Eugene Woman Insists On Still

Winging It At 77

For Some, The Sky Is Never The Limit

By Mike Thoele

EUGENE, Ore. - At 77, Charmian Byers-Jones is shopping for an airplane.

She needs it, you see, as a replacement for the one she crashed last summer

in Minnesota. Meanwhile, she'll fly this winter in rental aircraft, keeping her

skills in tune for new adventures. Somewhere in the years just ahead, she

expects to knock off her 70th coast to-coast flight. She's an unlikely pilot, this

product of the old-family East Coast. Herancestors reached America's

shores in 1630, and the ties to kin and friends in the Northeast are still

strong. But, surrounded by books, artworks and a vast classical music

collection, she's lived for more than 40 years in a classic hilltop house in


A genteel existence, it seems at first glance. But the pink '67 Plymouth convertible

parked beneath the old house's portico, as well as the newer Laser sport coupe, suggest there may be something more going on than knitting and the cataloging of

grandchildren's pictures. Byers-Jones keeps  life interesting by keeping her feet off the ground.

“Flying is an individual kind of thing,'' she says. “It expands you. That's

why I like it.”

“I think I've discovered that people are happiest when they are going out of

themselves, when they're expanding. It's like Einstein's expanding universe.

It's growing that makes you tick on all cylinders. And it's contracting and

being introverted and hiding behind bushes that turns life into a negative.''

Byers-Jones grew up in New Jersey. Her father, a lawyer who liked outdoor

adventuring, introduced his daughter to hiking, camping and the world of plants.

She attended a private school, where she graduated from high school at 16. Then it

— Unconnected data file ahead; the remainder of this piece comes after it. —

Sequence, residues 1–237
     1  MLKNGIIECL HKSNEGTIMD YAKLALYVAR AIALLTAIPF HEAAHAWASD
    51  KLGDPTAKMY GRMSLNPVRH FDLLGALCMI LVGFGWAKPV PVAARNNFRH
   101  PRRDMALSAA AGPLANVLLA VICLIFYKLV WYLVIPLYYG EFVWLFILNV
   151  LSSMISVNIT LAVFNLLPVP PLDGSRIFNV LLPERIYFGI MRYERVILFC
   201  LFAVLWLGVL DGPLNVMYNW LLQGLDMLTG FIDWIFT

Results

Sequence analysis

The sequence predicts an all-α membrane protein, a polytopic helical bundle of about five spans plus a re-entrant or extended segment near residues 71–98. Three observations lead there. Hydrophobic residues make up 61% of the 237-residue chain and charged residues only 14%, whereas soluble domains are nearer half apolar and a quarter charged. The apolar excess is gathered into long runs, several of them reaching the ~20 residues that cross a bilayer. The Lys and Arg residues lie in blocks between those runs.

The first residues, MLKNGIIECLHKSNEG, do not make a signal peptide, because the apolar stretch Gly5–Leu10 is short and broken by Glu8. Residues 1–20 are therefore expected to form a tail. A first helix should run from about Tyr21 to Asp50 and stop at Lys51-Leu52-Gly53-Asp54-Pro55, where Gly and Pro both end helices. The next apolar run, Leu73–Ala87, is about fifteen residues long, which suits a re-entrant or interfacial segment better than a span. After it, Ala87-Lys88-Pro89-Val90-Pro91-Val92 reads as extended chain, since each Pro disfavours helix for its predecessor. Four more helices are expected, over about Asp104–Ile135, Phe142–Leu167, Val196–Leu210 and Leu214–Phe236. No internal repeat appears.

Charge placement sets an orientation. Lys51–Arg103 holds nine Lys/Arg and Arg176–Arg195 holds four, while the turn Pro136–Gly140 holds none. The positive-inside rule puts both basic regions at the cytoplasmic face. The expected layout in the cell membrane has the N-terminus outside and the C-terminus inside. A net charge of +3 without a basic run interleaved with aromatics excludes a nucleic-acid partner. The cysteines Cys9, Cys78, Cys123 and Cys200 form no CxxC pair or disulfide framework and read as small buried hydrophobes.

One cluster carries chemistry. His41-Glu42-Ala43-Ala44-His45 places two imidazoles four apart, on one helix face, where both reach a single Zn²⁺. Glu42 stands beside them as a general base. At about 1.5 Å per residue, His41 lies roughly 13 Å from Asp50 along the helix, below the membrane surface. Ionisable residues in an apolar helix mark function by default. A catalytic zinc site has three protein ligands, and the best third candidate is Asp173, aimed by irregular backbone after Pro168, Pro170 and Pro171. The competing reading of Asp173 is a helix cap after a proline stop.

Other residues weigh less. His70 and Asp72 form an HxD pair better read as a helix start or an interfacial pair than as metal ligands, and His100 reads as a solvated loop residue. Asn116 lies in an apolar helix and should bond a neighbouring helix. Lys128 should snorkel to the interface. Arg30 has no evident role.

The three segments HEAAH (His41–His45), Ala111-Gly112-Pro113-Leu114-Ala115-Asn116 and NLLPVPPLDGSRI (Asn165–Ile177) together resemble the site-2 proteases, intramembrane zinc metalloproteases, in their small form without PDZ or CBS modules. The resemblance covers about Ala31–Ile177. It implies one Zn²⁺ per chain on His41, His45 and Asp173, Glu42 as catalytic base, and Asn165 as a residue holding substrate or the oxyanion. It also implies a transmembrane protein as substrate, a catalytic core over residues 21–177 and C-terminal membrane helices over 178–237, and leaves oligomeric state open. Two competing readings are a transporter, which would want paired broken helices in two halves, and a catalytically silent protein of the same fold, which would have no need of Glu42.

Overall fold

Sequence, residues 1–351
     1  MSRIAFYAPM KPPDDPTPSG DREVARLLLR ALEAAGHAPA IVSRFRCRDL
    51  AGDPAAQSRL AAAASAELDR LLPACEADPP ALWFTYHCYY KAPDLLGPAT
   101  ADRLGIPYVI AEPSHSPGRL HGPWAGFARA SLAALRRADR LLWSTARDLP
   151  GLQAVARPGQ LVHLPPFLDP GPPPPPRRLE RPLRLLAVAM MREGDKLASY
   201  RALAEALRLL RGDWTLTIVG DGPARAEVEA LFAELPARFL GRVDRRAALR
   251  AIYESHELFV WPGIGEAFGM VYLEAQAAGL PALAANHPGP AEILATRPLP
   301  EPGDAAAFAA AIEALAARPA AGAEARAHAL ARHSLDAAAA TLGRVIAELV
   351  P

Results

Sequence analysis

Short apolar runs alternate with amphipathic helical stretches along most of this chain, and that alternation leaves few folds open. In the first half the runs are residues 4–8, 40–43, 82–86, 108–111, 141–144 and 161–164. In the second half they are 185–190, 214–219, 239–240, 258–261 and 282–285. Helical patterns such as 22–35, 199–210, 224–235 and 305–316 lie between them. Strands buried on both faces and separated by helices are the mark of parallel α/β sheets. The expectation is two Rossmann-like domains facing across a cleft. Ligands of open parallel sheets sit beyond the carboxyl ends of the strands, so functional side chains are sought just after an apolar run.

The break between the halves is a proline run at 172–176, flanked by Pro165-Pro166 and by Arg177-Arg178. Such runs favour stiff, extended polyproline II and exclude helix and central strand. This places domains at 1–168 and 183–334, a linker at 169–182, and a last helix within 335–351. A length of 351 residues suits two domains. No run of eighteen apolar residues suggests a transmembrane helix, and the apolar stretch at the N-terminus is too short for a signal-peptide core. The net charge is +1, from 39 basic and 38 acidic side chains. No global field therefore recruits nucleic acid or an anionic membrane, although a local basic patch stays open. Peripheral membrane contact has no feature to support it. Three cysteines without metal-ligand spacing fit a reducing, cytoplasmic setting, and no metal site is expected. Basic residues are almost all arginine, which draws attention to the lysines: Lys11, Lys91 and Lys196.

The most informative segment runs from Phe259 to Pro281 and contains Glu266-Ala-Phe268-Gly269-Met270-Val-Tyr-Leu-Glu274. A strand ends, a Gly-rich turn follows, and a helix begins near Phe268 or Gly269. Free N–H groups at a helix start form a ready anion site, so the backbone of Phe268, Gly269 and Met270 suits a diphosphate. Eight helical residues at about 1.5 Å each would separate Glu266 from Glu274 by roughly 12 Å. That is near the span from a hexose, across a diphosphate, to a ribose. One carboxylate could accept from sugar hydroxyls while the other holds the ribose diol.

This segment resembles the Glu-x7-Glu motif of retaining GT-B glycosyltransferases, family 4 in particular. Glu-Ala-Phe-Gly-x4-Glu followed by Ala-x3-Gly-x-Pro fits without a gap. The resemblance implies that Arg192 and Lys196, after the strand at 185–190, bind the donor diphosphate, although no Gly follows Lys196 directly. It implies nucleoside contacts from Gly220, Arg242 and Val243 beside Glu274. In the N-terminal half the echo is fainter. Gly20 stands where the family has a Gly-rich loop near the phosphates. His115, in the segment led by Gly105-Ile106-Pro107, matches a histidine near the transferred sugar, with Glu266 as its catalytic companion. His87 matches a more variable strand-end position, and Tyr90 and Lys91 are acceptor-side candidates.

was off to prestigious Smith College in Northampton, Mass. She completed a degree in

English and spent a year performing with a repertory playhouse in New Jersey. A

1934 marriage ended in divorce. She was married again in 1947 to Herman

Gilhausen. They came West and he accepted a teaching position in the University of

Oregon School of Music. In their hilltop house, which had been built in the early

1900s, Byers-Jones raised three children and launched a small nursery business.

But, by 1959, her situation had changed. “I was very much alone,'' she says. “I was widowed. My children were goingoff to school. So, rather than mope about, I decided

to change my way of liferadically. I decided I'd learn to fly.'' She was 46 then. Her

decision put her into all-male classes with Korean War veterans learning flying on

the GI Bill. A few of them made her feel less than welcome. But the business of flying

itself concerned her more. “At first it was scary,'' she says. “I remember, on my first

ride, I had the feeling that this was somewhere I shouldn't be. I felt like I was a

balloon and someone had let go of the string. But those feelings went away pretty

quickly. After about five lessons, Irealized I could really do this thing. And soloing for the first time was one of the most amazing experiences I've ever had.'' Her private pilot's license set her off on three decades of airborne adventuring. She's explored Canada,

Mexico and Alaska, as well as regions such as the Grand Canyon and the Painted

Desert. Frequently she traveled with a pet poodle named Talleyrand. Sometimes she camped out at lonely airstrips, sleeping beneath the wing of her aircraft. One strip

was so remote that antelope had to be shooed off the runway before shecould depart.

She was married again, and divorced. But flying remained a constant in her life. She

joined The 99's, a national organization of women pilots. She's competed in many of

their air races and derbies in the Western states. Such activities broadened her

contacts. Max Conrad, an aviation pioneer witheight flight-endurance records,

became a friend. At his invitation, she helped him fly a small, twin-engine plane

across the Atlantic, hopping from Newfoundland to Iceland to England. In all her

flying adventures, she's been cautious about weather, but she's been caught in

souring conditions a few times and worked her way out of trouble. Once, a New

Hampshire wind shear sent her plane skidding, nose down, intoa tree. But she